it's a major award
Previously: S Jeremy Clark, S Allen Gant, S Jarrod Wilson, CB Terry Richardson, LB James Ross, LB Royce Jenkins-Stone, LB Kaleb Ringer, LB Joe Bolden, DE Chris Wormley, DE Tom Strobel, DE Mario Ojemudia, DT Matt Godin, and DT Willie Henry.
|Kansas City, MO – 6'3", 336|
|Scout||4*, #7 DT, #65 overall|
|Rivals||5*, #3 DT, #2 MO, #14 overall|
|ESPN||4*, #16 DT, #5 MO|
|24/7||4*, #6 DT, #2 MO, #51 overall|
|Other Suitors||Alabama, Florida, Ohio State, Oklahoma, USC, MSU|
|YMRMFSPA||Gabe Watson, but fast!|
|Previously On MGoBlog||Hello post from Tim. I talk about how Pipkins might see Michigan move to a hybrid defense where he two-gaps while others one-gap.|
|Notes||Originally from Saginaw.|
Army Bowl stuffs:
And the already-legendary Hoke impression:
Also there is an hour of stuff on hudl.
The only thing larger than Ondre Pipkins himself may be his personality. I mean, the Hoke impression. It's right above these words. Click it. Again, if necessary. There's that, and then there's Pipkins running his mouth about OSU commit Tommy Schutt…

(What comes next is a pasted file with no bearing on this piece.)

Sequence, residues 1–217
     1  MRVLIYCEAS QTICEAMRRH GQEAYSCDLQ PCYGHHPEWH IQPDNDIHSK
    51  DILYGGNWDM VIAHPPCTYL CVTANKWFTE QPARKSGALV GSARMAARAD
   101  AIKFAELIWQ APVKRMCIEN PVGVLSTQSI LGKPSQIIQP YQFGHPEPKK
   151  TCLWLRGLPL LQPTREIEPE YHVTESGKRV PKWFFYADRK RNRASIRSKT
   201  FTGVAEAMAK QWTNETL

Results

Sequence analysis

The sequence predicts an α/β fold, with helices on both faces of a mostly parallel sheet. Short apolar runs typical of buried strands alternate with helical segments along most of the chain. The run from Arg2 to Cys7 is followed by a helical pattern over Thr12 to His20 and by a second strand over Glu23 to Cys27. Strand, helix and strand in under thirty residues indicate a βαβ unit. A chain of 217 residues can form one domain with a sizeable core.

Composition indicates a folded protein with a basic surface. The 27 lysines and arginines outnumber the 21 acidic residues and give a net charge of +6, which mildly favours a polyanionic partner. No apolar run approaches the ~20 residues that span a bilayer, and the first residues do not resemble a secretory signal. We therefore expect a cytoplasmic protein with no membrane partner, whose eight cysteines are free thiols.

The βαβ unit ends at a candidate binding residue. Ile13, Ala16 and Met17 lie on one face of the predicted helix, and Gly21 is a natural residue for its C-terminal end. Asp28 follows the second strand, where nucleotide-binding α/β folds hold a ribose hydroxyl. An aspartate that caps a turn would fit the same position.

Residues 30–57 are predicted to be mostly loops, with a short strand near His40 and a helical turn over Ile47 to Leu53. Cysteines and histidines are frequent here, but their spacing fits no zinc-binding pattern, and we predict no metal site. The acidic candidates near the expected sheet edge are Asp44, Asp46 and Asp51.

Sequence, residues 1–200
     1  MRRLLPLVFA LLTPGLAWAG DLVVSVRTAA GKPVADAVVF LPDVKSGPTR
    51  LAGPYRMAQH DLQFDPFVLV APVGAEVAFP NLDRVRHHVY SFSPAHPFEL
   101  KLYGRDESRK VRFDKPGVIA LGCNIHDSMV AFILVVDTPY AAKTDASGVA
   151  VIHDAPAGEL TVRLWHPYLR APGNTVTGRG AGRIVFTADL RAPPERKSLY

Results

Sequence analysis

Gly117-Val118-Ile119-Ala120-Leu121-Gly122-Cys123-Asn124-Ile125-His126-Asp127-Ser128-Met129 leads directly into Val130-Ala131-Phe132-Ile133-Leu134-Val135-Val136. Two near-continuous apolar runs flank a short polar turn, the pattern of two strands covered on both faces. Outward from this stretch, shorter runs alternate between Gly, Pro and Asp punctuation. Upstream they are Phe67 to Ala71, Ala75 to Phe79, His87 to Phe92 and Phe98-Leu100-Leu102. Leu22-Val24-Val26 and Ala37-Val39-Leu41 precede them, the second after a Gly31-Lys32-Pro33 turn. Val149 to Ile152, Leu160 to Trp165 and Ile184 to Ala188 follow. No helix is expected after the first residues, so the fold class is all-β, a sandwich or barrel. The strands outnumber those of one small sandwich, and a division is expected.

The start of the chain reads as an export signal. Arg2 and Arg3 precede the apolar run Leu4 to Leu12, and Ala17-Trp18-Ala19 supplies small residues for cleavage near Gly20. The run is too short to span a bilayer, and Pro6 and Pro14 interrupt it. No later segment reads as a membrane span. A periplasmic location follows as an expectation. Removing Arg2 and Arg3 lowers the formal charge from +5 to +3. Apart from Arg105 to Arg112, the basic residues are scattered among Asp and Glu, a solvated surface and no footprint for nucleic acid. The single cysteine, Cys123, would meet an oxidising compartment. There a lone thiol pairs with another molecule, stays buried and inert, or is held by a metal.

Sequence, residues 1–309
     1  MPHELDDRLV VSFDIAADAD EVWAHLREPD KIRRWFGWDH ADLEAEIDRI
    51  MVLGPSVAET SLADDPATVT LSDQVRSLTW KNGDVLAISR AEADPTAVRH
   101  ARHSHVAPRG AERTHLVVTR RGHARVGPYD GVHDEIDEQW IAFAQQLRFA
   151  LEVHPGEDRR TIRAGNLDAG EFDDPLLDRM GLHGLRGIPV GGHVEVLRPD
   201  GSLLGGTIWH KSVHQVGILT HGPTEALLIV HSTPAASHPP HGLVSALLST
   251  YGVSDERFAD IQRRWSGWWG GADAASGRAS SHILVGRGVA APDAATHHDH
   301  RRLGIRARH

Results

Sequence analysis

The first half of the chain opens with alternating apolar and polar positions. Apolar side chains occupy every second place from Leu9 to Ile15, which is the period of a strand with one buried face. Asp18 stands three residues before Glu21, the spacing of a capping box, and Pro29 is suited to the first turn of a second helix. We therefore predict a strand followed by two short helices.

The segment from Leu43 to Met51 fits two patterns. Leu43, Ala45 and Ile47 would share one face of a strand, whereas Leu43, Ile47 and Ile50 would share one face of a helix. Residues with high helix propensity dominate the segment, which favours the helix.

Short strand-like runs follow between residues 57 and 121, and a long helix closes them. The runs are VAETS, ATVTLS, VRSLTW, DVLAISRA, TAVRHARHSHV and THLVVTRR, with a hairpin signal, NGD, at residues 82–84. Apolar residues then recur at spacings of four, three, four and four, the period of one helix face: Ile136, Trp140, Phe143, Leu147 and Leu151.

"Tommy Schutt ate turf," Pipkins said. "He ate turf the whole time."
…OSU commit Kyle Dodson…
"I gave a little bit to what's his name, Dodson," Pipkins said. "He ran away from me. That's what they do. They run their mouth, and then when they meet up with the belly of the beast -- I call myself that because I am -- then they run away. When it comes to reality, they want to run away."
…and OSU itself:
"Are you talking about those people down south? I don't want to give them the time of day."
He also opened up an interview with Mike Farrell by eating an ice cream cone symbolizing Ohio State or something. Hopefully you've got your fill of Pipkins wackiness, because now that he's on campus he'll be kept as far away from microphones as Brady Hoke can manage.